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James Pazos could be an integral part of the Yankees' bullpen

While the Yankees have a historic backend of the bullpen, there are still question marks elsewhere. Lefty James Pazos has impressed in the minor leagues, and he looked good in his brief stint in the majors. If he can put it all together, he could play a vital role in the bullpen this season.

Nick Turchiaro-USA TODAY Sports

James Pazos didn't arrive to the major leagues with much hype. When Greg Bird and Luis Severino were promoted to the bigs, they both came with the top-prospect labels and high expectations, and rightfully so. Both were ranked as top five prospects in the organization and were/are expected to be impactful players. Pazos, however, was not seen on many top prospects lists and wasn't a name commonly known to the fans. So, when owner Hal Steinbrenner slapped the untouchable tag on the lefty this past trade deadline, it came as a surprise to many.

Pazos got the call up to the bigs in September, and although he only pitched five innings, he showed signs that he'd back that untouchable tag up. In his five innings, he allowed three hits, three walks, struck out three, and most importantly, he didn't allow a single run. The sample size was obviously small, so there's reason to be skeptical. However, when you consider his career numbers in the minors, the stuff he has, and the current state of the Yankees' bullpen, it becomes apparent that Pazos could play a vital role this season.

Pazos, 24, has impressed at every level of the minors. In his career 184.1 minor league innings, Pazos has posted strong numbers. He has a 2.29 ERA, over a strikeout per inning, .204 BAA, and has allowed just four home runs. His control isn't excellent, but it's not horrific. He's walked 68 batters, which is more than one walk per three innings, but that isn't terribly high, and he does still have a 2.9 K/BB, so it doesn't seem to be a huge problem.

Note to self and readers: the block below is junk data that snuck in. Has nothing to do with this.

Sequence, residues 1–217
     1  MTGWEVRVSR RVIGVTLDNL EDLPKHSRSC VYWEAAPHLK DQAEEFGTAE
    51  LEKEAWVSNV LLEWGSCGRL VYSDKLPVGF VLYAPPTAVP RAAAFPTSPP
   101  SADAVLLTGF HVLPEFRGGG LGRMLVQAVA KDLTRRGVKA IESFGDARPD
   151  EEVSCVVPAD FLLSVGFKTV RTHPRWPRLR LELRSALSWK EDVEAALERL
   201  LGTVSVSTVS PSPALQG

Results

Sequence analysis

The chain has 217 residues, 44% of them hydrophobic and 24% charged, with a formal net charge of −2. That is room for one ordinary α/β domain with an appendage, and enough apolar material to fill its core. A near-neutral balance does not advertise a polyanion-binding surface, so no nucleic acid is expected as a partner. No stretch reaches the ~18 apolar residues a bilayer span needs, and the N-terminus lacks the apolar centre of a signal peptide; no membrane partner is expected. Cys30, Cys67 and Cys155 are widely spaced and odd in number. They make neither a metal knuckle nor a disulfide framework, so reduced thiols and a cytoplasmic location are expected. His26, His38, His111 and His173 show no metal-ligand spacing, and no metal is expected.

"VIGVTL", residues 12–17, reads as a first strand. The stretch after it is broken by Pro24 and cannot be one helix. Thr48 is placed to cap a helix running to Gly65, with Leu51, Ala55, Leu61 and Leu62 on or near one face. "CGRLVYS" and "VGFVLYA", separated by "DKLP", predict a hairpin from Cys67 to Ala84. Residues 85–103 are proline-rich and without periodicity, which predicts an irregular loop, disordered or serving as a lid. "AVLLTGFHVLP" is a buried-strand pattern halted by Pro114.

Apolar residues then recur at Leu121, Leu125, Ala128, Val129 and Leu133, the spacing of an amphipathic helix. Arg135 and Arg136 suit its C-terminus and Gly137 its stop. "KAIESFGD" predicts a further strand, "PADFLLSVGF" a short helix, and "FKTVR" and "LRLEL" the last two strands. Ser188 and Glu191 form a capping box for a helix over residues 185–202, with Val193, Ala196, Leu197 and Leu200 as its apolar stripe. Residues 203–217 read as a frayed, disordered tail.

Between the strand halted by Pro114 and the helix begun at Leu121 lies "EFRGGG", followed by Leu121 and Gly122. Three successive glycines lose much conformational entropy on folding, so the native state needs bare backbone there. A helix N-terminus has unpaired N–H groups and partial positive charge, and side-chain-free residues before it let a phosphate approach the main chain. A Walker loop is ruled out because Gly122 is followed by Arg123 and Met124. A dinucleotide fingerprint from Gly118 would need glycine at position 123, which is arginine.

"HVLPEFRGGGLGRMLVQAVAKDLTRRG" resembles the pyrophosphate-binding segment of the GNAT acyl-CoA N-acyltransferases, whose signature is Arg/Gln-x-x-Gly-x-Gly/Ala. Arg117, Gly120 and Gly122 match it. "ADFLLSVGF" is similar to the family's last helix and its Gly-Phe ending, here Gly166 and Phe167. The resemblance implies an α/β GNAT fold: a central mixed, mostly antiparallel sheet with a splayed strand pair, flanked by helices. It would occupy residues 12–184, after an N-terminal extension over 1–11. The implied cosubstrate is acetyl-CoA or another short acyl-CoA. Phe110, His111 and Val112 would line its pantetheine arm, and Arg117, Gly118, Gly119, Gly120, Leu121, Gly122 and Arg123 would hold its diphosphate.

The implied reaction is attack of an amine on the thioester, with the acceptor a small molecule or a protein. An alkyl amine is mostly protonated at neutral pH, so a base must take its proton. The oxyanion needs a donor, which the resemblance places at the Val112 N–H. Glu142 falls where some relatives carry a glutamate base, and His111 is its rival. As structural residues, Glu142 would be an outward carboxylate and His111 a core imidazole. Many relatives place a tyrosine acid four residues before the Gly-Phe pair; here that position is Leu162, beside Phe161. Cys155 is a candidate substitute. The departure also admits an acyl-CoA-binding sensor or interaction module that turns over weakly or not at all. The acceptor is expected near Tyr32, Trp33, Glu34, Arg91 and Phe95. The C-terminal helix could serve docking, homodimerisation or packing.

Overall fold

The numbers are impressive, but it's backed up by his good stuff too. The lefty has a fastball that sits around 93-94 MPH with some sinking action, and a slider with solid movement. He's a big guy, standing at 6'3'' and weighing in at 230 pounds, making him an intimidating presence on the mound.

The Yankees will need Pazos to make good on his potential this season. The backend of the bullpen could be the best in baseball history, but they'll need help elsewhere. When the Yankees get a lead late in the game, they should be able to close the door with the trio of Dellin Betances, Andrew Miller, and Aroldis Chapman. However, the problem last year, and it could be this year too, is when they have to go elsewhere in the bullpen. This is keeping the game close when they're down, keeping a lead if the starter gets knocked out early, or putting up zeroes in extras.

The Yankees were 66-3 when leading after six innings last season, 23-24 in one run games, and 4-9 in extra innings. (Thanks to fellow writer Harlan Spence for the last two stats). Having the trio they do will obviously make the bullpen better as a whole, but won't necessarily address some of the problems the bullpen faced last season. The Yankees will need to get solid performances from more than just Chapman, Miller, and Betances.

The rest of the bullpen is filled with question marks. Chasen Shreve was great for most of the year, but struggled later on, posting a 13.50 ERA in September. Bryan Mitchell has potential, but needs to work through his command and consistency issues before he can be considered a reliable arm. Then, there's the revolving door of relievers that came through last season including Nick Rumbelow, Branden Pinder, Nick Goody, and others, but none have proven that they can be dependable.

This is why Pazos is so important. Nobody will rely on him to be the closer, or even a set-up man. If he can parlay his very good minor league numbers, intimidating presence, and promising duo of pitches into being a reliable reliever, he will play an important role in the Yankees bullpen.